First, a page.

Fragrant and hearty, rosemary is an herb native to the Mediterranean, where it can be found in abundance growing wild. Since around 500 B.C., this member of the mint family has been used to add flavor dishes ranging from eggs to lamb chops. As rosemary is now cultivated around the world, different varieties have emerged, each with a slightly different scent and flavor.
Rosemary Quite Contrary
The United States National Arboretum tests the hardiness of rosemary plants during harsh Mid-Atlantic winters. In spite of being known as a warm-weather plant, testing on more than 50 rosemary varieties has revealed certain ones that can make it through cold weather. In general, those with lighter flowers and thinner leaves are the most hardy. Arp and Madeline Hill are the most common types grown, but a number of others have survived winter well, including Salem, Russian River, Miss Jessup's Upright, Logee's Light Blue, Herb Cottage, Goodwin Creek, Bendenen Blue and Albus.
How Does Your Garden Grow?
Rosemary comes in many different shapes, fragrances and colors. Some plants grow straight up and spread out readily, while others grow so low that they almost cover the ground. Creeping rosemary tends to have smaller, needle-like leaves and lavender-colored flowers. Most varieties of rosemary are highly tolerant to salt, making them ideal for coastal areas. Some varieties of the fragrant herb, such as the smaller Blue Boy rosemary, grow well indoors, but most varieties need additional light.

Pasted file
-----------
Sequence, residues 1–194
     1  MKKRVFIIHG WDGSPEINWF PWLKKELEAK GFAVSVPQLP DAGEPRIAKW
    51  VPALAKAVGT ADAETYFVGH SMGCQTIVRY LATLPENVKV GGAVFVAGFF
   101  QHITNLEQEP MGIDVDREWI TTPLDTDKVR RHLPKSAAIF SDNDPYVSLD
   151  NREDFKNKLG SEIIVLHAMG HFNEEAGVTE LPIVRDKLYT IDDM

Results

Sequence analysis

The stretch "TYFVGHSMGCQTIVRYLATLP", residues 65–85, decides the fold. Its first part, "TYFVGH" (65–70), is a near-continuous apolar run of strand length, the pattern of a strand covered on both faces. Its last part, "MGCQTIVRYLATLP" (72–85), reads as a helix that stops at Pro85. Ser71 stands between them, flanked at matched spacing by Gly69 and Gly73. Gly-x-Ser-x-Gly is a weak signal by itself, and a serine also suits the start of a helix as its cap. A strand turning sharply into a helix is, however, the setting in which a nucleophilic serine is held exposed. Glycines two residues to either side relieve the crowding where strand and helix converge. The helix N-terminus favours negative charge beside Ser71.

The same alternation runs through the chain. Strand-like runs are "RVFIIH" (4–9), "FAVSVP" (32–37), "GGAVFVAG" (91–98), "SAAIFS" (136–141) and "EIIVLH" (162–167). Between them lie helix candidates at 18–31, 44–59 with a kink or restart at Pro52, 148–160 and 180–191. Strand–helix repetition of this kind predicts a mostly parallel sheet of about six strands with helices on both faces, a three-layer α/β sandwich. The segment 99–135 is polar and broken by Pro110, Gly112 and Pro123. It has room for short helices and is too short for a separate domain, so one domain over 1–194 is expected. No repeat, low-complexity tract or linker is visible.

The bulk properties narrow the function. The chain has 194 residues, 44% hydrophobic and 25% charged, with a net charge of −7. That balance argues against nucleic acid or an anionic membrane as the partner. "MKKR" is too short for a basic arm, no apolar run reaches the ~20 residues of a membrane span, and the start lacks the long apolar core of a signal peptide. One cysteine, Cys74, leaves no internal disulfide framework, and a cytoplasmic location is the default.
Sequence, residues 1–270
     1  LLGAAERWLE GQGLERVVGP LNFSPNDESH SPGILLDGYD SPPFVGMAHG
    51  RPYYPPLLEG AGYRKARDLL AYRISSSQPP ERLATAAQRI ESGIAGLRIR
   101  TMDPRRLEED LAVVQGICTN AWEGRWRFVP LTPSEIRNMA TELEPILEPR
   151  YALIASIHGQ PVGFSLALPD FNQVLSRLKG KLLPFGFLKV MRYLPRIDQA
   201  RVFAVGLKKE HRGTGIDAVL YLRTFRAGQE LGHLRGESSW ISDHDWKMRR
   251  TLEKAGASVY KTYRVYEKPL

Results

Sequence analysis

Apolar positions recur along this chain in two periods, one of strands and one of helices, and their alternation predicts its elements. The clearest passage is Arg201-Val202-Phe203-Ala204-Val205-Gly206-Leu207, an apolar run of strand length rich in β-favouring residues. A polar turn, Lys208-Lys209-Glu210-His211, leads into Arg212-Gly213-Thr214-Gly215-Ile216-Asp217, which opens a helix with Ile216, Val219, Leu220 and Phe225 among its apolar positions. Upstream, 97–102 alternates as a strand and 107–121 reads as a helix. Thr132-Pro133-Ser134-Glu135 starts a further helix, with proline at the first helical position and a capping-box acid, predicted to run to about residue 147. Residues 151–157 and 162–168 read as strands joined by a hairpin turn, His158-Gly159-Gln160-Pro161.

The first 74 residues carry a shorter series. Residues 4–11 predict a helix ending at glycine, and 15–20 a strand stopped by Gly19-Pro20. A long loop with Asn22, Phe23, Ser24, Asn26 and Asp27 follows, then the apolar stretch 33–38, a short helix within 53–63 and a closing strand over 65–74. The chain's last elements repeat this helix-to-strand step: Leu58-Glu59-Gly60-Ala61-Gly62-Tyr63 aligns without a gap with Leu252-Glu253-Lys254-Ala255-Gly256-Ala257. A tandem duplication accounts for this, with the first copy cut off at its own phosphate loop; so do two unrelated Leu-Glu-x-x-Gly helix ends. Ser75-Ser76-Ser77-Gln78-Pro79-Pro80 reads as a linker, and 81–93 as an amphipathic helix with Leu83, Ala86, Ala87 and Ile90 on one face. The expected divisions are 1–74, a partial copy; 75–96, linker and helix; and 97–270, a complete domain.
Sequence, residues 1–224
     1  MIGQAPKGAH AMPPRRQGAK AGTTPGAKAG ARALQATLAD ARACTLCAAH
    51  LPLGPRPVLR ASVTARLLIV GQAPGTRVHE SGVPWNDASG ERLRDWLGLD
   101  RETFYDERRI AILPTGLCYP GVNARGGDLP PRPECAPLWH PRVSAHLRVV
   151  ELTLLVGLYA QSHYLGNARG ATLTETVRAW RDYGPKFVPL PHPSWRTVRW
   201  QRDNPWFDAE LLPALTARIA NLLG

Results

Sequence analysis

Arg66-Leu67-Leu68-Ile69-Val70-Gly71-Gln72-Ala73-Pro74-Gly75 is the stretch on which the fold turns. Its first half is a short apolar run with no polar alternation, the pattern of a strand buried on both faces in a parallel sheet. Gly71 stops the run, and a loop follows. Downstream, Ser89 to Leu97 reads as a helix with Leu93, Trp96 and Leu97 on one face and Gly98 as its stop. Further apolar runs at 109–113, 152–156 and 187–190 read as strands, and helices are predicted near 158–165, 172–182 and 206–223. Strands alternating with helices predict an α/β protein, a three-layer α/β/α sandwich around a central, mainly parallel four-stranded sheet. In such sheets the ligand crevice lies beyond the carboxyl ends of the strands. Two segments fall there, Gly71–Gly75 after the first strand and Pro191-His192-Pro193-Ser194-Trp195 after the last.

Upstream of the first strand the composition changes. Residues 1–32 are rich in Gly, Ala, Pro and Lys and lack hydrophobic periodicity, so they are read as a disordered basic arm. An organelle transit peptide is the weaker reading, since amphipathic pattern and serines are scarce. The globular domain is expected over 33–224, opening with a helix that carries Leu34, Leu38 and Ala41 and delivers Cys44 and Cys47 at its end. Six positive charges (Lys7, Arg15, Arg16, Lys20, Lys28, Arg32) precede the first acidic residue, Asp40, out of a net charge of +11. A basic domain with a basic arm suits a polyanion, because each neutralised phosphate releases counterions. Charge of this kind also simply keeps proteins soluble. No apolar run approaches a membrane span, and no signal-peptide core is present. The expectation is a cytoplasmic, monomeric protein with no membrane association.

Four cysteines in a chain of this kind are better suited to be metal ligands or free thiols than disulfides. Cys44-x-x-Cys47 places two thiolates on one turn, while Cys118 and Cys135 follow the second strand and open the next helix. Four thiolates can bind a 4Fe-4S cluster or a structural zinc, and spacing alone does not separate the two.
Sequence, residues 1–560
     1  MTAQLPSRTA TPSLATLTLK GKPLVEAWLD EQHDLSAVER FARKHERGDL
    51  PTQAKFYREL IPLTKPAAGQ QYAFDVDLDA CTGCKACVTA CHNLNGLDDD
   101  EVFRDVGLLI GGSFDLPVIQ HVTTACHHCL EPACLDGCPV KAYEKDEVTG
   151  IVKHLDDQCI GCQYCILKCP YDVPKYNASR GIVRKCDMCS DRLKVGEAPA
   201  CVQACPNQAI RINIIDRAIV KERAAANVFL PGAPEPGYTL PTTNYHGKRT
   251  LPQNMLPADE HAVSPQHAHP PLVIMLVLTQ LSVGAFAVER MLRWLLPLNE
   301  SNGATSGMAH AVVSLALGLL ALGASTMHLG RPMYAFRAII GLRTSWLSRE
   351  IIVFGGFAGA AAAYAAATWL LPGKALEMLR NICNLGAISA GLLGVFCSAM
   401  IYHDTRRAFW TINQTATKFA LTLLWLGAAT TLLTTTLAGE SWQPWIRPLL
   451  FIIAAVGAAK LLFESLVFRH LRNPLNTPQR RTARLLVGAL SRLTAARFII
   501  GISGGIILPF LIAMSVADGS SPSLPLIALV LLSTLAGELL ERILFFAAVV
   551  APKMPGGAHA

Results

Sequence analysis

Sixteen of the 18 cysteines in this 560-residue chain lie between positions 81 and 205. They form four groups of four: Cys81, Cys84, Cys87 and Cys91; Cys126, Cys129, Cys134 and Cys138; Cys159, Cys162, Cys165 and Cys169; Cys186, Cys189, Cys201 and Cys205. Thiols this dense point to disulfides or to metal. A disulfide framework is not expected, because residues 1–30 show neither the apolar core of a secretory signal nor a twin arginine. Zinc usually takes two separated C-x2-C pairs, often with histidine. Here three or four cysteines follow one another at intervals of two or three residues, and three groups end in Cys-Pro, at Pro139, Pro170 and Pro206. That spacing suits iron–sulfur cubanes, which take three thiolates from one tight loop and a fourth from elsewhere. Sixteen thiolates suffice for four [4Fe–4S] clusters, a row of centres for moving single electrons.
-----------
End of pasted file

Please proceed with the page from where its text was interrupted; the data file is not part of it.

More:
Yummy Tastes and Pretty Smells
Taste and smell are inextricably linked, and rosemary combines traces of lemon and pine with varying intensity. The upright varieties with broader, juicier leaves provide more oil and aroma and are favored for cooking. Often seen in the produce aisle, the Spice Island variety has a strong flavor and is readily available for home cooking. Some professional chefs swear by Tuscan Blue, while others prefer Miss Jessup's Upright or Blue Spires.
Lovely Plants All in a Row
Whether it grows in a thick hedge or cascades over a wall, rosemary makes a versatile garden decoration and an essential kitchen herb. Most varieties have green or silver-green leaves but there are a few renegades. Golden Rain, also known as Joyce DeBaggio, has golden leaves, deep blue flowers and a rather chunky shape, while Gorizia has long, exceptionally green leaves and grows up to five feet tall. Arp, named for the town in Texas where it was discovered, has a lemony scent and the lavender flowers are edible.
- The New Food Lover's Companion; Sharon Tyler Herbst, Ron Herbst
- The United States National Arboretum: The Right Rosemary
- NC State University: Salt Tolerant Plants
- Richter's: Growing Herbs Indoors
- Sunset: The Right Rosemary for You
- Pantry Garden Herbs: Rosemary, About the Different Rosemary Varieties
- ULTRA F/Photodisc/Getty Images